Current guidelines in Australia and New Zealand
The RANZCP supports the principles and recommendations provided by the New Zealand Ministry of Health (NZMoH) in Reporting Suicide: A resource for the media (NZMoH, 2011) and in resources funded by Australia’s Department of Health, Reporting Suicide and Mental Illness: A Mindframe resource for media professionals (Mindframe, 2014). Media peak bodies, including the Australian Press Council (APC) and Media, Entertainment & Arts Alliance (MEAA), have endorsed the Mindframe principles in their codes of practice. The APC has also produced a Standard of Practice on Suicide Reporting, which reiterates that the reporting should not sensationalise, glamorise or trivialise suicides. It should also only include suicide deaths when they are in the public interest, should seek consent from the family and refrain from detailing methods and location of suicide (Australian Press Council, 2011).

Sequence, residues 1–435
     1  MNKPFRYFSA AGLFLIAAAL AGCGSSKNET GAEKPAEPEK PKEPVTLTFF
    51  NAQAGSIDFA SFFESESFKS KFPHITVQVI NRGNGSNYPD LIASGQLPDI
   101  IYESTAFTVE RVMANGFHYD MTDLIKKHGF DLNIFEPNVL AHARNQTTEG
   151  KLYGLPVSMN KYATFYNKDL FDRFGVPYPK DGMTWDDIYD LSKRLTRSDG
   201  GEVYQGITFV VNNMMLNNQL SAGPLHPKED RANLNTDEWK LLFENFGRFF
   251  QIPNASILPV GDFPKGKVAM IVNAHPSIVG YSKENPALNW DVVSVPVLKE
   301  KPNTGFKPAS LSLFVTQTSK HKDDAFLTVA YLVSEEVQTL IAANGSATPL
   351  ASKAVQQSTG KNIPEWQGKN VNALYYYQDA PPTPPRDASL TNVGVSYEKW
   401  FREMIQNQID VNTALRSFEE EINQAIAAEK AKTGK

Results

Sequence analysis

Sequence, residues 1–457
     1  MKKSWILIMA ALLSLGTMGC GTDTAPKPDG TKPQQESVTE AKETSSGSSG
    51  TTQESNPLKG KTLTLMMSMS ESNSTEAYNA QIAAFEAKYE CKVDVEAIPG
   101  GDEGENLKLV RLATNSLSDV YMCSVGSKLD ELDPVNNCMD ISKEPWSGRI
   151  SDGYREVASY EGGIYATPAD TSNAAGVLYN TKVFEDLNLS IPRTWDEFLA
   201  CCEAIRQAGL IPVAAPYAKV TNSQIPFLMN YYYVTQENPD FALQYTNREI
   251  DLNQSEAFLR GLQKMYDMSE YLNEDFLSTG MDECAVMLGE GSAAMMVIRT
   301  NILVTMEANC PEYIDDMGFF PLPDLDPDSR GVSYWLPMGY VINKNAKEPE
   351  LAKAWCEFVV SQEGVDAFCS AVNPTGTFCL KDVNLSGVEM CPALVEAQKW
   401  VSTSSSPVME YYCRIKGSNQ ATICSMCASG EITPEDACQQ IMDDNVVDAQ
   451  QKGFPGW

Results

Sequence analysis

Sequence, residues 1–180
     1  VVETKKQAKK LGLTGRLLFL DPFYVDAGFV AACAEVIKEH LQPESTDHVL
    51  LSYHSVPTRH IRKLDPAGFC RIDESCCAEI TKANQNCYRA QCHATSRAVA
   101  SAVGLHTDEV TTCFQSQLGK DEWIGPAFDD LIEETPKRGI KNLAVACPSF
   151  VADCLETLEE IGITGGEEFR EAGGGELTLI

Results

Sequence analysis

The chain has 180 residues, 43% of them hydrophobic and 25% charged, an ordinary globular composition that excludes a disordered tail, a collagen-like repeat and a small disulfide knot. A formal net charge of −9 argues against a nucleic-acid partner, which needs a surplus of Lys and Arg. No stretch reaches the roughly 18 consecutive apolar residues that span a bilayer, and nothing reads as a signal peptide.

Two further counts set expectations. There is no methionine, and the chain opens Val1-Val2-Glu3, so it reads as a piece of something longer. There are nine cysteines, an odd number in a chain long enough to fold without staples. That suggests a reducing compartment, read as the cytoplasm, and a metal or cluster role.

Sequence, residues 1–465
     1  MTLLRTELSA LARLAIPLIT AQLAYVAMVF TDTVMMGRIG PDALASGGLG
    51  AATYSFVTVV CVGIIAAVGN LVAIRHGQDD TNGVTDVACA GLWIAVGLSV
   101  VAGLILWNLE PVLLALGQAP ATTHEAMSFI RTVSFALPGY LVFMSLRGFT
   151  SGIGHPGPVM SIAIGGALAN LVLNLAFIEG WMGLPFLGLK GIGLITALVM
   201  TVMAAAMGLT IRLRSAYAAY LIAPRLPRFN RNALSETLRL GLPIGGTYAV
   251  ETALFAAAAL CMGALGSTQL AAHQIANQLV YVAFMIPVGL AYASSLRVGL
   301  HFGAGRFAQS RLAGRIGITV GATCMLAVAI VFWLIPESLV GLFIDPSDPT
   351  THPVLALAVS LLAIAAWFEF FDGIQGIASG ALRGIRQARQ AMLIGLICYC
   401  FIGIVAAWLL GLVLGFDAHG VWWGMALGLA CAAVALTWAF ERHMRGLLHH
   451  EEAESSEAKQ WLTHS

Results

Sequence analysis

In New Zealand Reporting Suicide: A resource for the media is intended to guide the media industry when reporting suicide events (NZMoH, 2011) with recommendations: to avoid inadvertently glorifying suicide; provide information on assistance; and avoid detailed descriptions of suicide methodology as well as repetition. Stories should not be placed on the front page nor should the word ‘suicide’ appear in the headline. Photographs or dramatic visuals should not be used and particular care should be taken when reporting suicides by celebrities. The NZMoH resource encourages consideration of cultural and spiritual attitudes to suicide, and notes that good practice includes seeking advice about the cultural or religious implications of a media report. Resources that are succinct and accessible, such as the ‘at a glance’ sheet which forms part of the New Zealand Reporting Suicide: A resource for the media, are ideal for media guidance.